Industrial Steam East and West

27 February - 12 March 2009

Report by Duncan Cotterill


The opencast coal mine at Zhalainuoer is probably the greatest steam spectacle left in the world today but it won’t be for much longer. Railway operations within the big pit are expected to cease later this year and diesels are currently being acquired for the surface lines as well. The opportunity to visit Zhalainuoer for one last time was just too good to miss. We also visited Baiyin, a much smaller operation but with a reasonably long main line featuring semi-desert scenery and steep gradients.

Our group consisted of Peter Breeze, Robin Gibbons, Greg Howell and myself. Arrangements within China were made by Mike Ma. We had expected Tao to be our guide, as in November 2008, but he had to withdraw at the last minute so we were accompanied by a Mr Chen, also from Mudanjiang.

The Outward Journey

27 – 28 Feb 2009

Greg and I met at London Heathrow and flew with Air France to Paris, where we underwent a very stringent security check before joining Peter for the onward flight to Beijing. At the x-ray machine I asked whether they wanted to scan my laptop separately. They did, and the power supply as well, and the camera battery chargers, and the cameras, and the lenses and my iPod. This only left a blower brush and a few compact flash cards in my bag. Just as well that the terminal wasn’t busy as the whole process took an inordinate amount of time and was completely pointless as everything had been scanned a couple of hours earlier at Heathrow.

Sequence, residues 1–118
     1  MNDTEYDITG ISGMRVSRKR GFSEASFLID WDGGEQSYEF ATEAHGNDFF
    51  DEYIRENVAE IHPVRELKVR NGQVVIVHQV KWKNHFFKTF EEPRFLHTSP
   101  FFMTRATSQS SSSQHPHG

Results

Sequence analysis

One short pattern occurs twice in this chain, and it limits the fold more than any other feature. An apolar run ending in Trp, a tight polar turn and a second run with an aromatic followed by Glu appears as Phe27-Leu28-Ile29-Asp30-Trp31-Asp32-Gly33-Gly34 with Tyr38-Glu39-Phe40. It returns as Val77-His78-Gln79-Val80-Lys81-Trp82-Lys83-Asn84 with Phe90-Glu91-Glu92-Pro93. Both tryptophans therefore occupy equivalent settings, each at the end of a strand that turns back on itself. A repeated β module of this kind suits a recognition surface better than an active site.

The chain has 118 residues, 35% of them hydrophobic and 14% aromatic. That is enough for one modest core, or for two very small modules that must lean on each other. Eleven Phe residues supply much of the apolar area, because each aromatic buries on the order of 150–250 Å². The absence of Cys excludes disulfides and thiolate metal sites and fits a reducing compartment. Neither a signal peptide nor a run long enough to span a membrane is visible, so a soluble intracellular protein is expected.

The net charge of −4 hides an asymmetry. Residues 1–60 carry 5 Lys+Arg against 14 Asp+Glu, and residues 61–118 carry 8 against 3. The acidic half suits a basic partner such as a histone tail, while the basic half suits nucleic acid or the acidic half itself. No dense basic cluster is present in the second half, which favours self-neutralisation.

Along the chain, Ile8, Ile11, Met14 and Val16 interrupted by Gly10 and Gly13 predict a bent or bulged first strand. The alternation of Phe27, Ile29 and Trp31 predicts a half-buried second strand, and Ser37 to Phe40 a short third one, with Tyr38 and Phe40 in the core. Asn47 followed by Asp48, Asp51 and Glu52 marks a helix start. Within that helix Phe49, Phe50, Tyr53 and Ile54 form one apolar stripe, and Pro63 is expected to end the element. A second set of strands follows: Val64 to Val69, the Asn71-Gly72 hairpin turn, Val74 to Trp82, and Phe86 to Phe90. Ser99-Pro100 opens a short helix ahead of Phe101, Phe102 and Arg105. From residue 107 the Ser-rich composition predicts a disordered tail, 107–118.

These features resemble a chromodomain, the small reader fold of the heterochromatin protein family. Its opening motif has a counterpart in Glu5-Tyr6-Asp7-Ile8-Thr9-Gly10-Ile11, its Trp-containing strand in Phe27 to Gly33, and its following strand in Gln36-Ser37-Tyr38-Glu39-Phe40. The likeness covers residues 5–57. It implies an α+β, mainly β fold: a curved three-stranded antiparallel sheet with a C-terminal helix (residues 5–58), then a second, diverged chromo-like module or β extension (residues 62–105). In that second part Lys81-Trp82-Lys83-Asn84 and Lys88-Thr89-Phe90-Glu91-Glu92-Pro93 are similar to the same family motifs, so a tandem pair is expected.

We met up with Robin and Mike Ma at Beijing. Mike was accompanying Cyril Lofthus and Dave Huntsbach, who were also bound for Zhalainuoer. We all flew up to Manzhouli on the daily Hainan Airlines flight, getting a good view of the opencast mine during the approach. At Manzhouli we met up with our own guide and driver.

The hotel we had used at Zhalainuoer in early 2007 had closed and Mike wasn’t impressed with the other hotels in town so we stayed in Manzhouli and travelled to Zhalainuoer every day.

Zhalainuoer Mining Railway

28 Feb – 05 Mar 2009

Deep Mine System